if one were predisposed to think that most of the human race is a bunch of selfish asstards, one might predict the current economic situation might make folks donate less. however, donations seem to be up. at least for the salvation army. so maybe the human race isn't a bunch of selfish asstards. or maybe we are. and we're just trying to buy karma. or since we all know that republicans are far more generous with their money than democrats, maybe we have more republicans shopping at walmart instead of neiman marcus. works for me.
everyone welcome caitlan to the list at the right. caitlan keeps her socks in specimen jars. go on. click the link. you know you want to.
herbert hoover presided over the first great depression. the stock market crash wasn't really his fault. but the recovery, or failure to recover is. he focused on keeping businesses in business. he steadfastly refused to help individuals. and things just kept getting worse. they in fact didn't start to get better until that policy was reversed. and the government started helping individuals instead of businesses. what will happen this time? i don't know. my crystal ball is on the fritz. however, if history is any guide, things are only going to get worse as long as we're focused on businesses. fortunately this crash happened at the end of a presidential cycle instead of the beginning. at least i think it's fortunate. if 'change' means 'status quo' we might have to get through an entire presidential cycle before things get better. which would be really bad.
one criteria for a healthy functioning free market is no barrier to entry. everyone knows that. lots (well maybe some) of government policy is geared towards achievement of this goal. however, the other side is equally important. there can be no barrier to exit. which might be a bit of a head scratcher in normal times. that's like so duh it's confusing to even state it. yet here we are bailing out companies left right center. which effectively creates a barrier to exit. and if you have all these inefficient companies hogging up all the business, there's no room for new efficient companies to enter the market. in a misguided attempt to keep from losing, we've guaranteed we're going to lose.
wow and double wow. the sun was shining brightly into our faces as g and i walked to school this morning. above us and behind us the sky was solid with pregnant rain clouds. walking home alone our house was framed in a perfect double rainbow. i've seen double arches before. but i've never before seen the second rainbow go from horizon to heaven to horizon in an unbroken ribbon of crayons. i felt kinda like noah. heh. the inner sharper rainbow had at least one extra pair or green and purple bands. the beautiful and talented alisa got to see it on the way home from dropping b off at school. wow and double wow.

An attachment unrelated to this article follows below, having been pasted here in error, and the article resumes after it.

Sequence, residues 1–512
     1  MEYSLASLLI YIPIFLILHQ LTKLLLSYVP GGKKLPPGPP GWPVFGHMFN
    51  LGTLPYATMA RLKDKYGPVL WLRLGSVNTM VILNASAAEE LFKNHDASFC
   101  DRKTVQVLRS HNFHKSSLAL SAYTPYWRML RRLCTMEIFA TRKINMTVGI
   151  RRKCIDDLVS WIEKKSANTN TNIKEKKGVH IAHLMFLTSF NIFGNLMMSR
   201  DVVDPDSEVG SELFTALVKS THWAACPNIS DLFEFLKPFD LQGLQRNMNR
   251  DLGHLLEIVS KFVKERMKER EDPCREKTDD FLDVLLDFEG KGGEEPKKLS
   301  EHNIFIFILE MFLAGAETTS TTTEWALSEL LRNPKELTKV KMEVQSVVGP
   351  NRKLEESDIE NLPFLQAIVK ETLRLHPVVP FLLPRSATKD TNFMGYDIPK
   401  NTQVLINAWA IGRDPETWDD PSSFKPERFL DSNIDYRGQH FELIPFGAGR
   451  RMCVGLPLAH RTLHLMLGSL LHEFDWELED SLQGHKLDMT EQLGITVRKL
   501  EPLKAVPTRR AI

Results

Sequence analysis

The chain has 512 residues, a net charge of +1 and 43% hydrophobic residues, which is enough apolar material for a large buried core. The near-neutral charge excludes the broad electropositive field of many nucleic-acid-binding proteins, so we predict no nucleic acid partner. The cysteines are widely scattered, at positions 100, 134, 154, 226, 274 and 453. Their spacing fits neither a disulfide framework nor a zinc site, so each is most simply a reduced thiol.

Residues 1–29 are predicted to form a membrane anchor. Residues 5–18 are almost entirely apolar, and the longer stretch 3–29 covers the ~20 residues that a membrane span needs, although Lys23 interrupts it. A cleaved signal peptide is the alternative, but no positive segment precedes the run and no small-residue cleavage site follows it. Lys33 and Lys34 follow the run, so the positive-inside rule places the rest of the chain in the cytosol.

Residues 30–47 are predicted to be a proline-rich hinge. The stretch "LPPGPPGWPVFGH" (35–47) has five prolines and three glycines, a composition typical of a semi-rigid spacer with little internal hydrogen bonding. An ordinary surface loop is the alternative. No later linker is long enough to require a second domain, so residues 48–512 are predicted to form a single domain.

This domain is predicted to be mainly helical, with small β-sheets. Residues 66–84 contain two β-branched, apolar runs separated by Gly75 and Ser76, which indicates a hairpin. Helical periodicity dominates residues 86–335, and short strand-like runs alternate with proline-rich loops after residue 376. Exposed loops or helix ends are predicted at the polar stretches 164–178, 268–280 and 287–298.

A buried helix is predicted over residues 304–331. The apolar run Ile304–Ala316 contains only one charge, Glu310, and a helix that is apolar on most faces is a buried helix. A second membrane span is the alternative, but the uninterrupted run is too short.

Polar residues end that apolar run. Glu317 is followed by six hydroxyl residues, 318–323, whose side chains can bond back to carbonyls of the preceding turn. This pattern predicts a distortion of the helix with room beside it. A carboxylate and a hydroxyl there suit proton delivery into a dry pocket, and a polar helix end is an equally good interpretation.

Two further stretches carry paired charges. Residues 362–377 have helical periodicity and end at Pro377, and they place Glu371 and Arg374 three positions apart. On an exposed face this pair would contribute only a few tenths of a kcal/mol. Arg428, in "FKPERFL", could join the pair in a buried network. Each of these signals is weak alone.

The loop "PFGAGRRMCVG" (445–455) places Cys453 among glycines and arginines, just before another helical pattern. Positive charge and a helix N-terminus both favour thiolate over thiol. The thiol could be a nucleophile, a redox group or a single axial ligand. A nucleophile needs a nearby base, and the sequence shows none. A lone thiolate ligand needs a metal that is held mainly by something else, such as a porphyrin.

rich poor gap
the rich poor gap is notoriously difficult to measure. actually it's not. there are many many ways to measure it. which i think is the difficulty. ie there's lots of opportunity for argument. which abounds when one tries to discuss the fairness of wealth distribution. so i'm going to pick one. if you don't like this metric use whichever one you do like in your own damn blog. sheehs. anywho, consider the ratio between the average income of the top 10% of wage earners to the average income of the bottom 90%. this number has historically bounced around between 5 and 8. in general, low ratio times have been what we call good. and high ratio times bad. most of the past 100 years have been in the 5-6 range. with two notable exceptions where this wealth inequality measure spiked over a few years: to 7.8 in 1929, and to 7.9 today.
for most people, this year's stack of christmas presents might be a little smaller. the dollar value of said stack might be a little less. which for some people might be a really crushingly devastatingly bad thing. and well, i guess it is. but the rest of us, we're giving and getting the same things as last year. except maybe a little bit more. our love, prayers, thoughts, hopes, and dreams. which is really the only wealth metric.
so is the concept of intelligent design science or religion? i'm sure i've covered this before. probably ad nauseum. i figure if i keep repeating a position in different ways eventually it will slip past whatever barriers are between you and enlightenment. so anywho, to answer my own question, albeit conditionally: it depends on the designer. if the designer is a testable entity such as people then sure intelligent design is science. we choose which pigs sheep plants get to reproduce with the intent of making the species more like some ideal. if the designer is some untestable entity like god or space aliens then intelligent design is religion. kinda by definition.